What these and many other monuments worldwide have in common is that they are all located above an ancient sacred deep water spring (Templar’s castles, ancient churches and cathedrals), an intersection of underground water lines (megalithic stone circles from the Neolithic period) or a certain pattern of underground water lines (ancient round or long barrows and alignments of rows of standing stones like the Carnac megaliths) directly connected to the primary deep water trapped in a certain layer in the deep Earth and whether or not combined with regularly recurring astronomical events in honour of their gods. These water lines are equal to ancient deep underground water streams and directly connected to the Earth’s energy grid or ley lines. For the ancients, the existence of flowing water deep inside the Earth was represented by a divine crawling snake living beneath the surface of the Earth.
Chartres Cathedral – 1830
The Well of Chartres Cathedral
Unlike groundwater, this water is of excellent quality, clean and unspoiled, but above all, it is associated with properties concerning healing and eternal life which made this substance the medieval ‘Holy Grail’ or the ‘Philosopher’s Stone’ from which the “Elixir of Life” could be derived. Therefore, without realising it, the knowledge of this pure ancient water became the most sacred that the Templars took home from the Holy Land after the failed crusades which ended in the 13th century and this knowledge was gratefully applied to the construction of their temples and castles throughout Europe. Nevertheless, this divine water is still worshiped by many modern pilgrims and religious people from all over the world.
Well’s Cathedral – England
Jerusalem – 1852
The Waters in Jerusalem – The Gihon Spring
“There is an inexhaustible reservoir of water, as would be expected from an abundant spring gushing up naturally from within; there being moreover wonderful and indescribable cisterns underground, of five furlongs, according to their showing, all around the foundation of the Temple, and countless pipes from them, so that the streams on every side met together. And all these have been fastened with lead at the bottom of the side-walls, and over these has been spread a great quantity of plaster, all having been carefully wrought,” Eusebius’ recording of the “Letter of Aristeas” – chapter 38.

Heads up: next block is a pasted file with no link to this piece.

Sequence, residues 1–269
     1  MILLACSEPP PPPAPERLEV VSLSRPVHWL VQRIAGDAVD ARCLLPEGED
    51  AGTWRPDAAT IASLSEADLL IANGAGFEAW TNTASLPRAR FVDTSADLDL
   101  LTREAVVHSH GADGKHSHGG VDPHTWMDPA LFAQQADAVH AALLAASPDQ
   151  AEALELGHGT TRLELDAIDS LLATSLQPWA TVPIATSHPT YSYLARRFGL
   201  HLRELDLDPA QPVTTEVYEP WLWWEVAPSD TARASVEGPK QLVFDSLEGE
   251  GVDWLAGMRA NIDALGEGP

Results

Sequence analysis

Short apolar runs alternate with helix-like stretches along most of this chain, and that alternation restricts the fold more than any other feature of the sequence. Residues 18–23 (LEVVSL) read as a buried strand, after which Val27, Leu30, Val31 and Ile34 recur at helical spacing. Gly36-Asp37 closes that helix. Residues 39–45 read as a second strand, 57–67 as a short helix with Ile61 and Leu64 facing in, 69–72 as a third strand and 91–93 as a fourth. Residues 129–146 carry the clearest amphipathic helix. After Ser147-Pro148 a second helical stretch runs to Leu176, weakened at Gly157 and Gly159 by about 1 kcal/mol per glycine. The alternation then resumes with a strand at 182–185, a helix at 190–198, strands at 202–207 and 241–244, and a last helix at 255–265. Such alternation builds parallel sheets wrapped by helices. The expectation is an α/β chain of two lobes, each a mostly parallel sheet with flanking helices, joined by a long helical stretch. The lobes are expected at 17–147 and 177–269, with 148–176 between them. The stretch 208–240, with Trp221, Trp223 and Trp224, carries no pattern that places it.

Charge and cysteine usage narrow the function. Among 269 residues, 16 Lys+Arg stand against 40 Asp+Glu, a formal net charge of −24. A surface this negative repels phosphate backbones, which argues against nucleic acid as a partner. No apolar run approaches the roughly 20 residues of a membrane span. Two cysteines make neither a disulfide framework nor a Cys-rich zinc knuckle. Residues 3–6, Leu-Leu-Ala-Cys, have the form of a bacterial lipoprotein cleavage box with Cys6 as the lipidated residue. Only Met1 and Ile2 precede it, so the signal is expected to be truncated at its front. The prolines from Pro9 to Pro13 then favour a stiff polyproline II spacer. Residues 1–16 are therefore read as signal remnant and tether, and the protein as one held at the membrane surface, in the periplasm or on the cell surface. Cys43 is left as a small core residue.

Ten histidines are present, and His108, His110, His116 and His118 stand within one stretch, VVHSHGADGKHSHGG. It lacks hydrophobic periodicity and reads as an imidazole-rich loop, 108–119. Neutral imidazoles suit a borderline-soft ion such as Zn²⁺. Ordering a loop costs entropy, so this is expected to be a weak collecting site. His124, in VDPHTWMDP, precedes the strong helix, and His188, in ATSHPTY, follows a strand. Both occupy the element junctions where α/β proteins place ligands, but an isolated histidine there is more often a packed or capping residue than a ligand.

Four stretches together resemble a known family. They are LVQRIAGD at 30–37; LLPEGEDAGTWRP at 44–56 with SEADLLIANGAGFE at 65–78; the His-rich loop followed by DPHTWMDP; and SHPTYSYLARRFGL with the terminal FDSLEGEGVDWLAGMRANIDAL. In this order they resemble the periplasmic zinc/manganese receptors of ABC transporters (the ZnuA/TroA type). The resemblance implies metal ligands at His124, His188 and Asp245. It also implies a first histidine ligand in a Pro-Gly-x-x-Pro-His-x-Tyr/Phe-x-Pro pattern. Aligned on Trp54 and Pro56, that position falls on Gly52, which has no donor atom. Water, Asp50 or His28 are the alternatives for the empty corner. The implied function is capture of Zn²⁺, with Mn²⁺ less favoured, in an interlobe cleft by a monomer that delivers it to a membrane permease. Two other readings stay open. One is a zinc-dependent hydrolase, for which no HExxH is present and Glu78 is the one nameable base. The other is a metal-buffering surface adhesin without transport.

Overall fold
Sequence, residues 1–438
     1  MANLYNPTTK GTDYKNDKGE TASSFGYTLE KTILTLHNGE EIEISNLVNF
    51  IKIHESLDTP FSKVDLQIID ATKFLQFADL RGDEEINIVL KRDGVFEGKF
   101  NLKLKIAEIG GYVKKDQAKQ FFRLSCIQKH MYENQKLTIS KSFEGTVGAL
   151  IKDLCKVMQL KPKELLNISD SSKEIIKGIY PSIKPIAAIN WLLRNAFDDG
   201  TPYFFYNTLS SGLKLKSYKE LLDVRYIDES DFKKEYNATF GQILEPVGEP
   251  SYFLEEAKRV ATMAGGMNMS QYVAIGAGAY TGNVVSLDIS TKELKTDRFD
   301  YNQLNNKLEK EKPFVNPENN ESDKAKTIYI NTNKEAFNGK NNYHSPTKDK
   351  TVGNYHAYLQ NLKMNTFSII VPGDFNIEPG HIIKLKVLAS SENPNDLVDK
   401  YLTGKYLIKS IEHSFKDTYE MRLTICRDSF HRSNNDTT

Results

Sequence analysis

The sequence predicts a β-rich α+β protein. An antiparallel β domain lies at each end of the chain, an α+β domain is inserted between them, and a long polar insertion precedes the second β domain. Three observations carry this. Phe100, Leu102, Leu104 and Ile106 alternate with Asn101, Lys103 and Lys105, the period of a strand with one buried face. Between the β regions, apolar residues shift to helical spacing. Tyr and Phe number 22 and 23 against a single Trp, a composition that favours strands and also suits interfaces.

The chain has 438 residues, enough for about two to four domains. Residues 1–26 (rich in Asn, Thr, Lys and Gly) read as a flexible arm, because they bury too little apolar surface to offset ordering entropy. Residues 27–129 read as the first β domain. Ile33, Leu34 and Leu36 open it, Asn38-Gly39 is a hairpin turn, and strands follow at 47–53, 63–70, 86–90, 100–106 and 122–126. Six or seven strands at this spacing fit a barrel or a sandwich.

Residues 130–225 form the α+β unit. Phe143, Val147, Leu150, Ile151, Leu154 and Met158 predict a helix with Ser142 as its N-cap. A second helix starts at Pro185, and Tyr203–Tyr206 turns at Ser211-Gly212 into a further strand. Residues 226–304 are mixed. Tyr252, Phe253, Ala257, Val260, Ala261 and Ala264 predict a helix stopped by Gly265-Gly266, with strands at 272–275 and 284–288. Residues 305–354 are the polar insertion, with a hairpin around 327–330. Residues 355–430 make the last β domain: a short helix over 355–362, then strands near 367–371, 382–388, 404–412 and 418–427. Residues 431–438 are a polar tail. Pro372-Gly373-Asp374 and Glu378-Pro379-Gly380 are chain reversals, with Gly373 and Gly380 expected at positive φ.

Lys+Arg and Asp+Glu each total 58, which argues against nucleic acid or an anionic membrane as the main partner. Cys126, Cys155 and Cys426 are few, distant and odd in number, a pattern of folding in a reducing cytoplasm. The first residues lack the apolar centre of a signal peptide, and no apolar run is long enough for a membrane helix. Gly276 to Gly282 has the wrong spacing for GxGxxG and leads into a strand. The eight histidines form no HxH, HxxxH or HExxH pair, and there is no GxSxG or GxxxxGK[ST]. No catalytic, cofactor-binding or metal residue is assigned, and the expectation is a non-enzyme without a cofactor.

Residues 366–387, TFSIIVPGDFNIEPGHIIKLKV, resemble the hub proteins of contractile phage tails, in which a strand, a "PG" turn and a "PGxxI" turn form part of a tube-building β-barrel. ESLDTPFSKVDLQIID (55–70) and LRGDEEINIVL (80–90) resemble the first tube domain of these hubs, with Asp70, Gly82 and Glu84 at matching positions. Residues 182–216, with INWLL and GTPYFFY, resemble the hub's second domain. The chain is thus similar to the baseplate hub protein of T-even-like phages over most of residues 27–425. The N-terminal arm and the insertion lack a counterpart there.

Aristeas was an Alexandrian Jew who lived in the era of the later Ptolemies, approximately the second or third century BCE and is remembered for the “Letter of Aristeas” addressed to his brother Philocrates in which he describes the Greek translation of the Hebrew Law.
The Gihon Spring is one of the world’s largest springs and the only one in Jerusalem near the ancient City of David. The name Gihon comes from the Hebrew Gihu, meaning “gushing forth.” It was the main source of water supply during ancient times and according to Aristeas, it was located within the Temple’s precincts meaning that the only possible location of Solomon’s Temple would be above the Gihon Spring near the City of David instead of Temple Mount a third of a mile further north – https://yrm.org/lost-temple-mount-found-pt1/
The entrance to the Gihon Spring or Virgin’s Fountain (c. 1900-1920)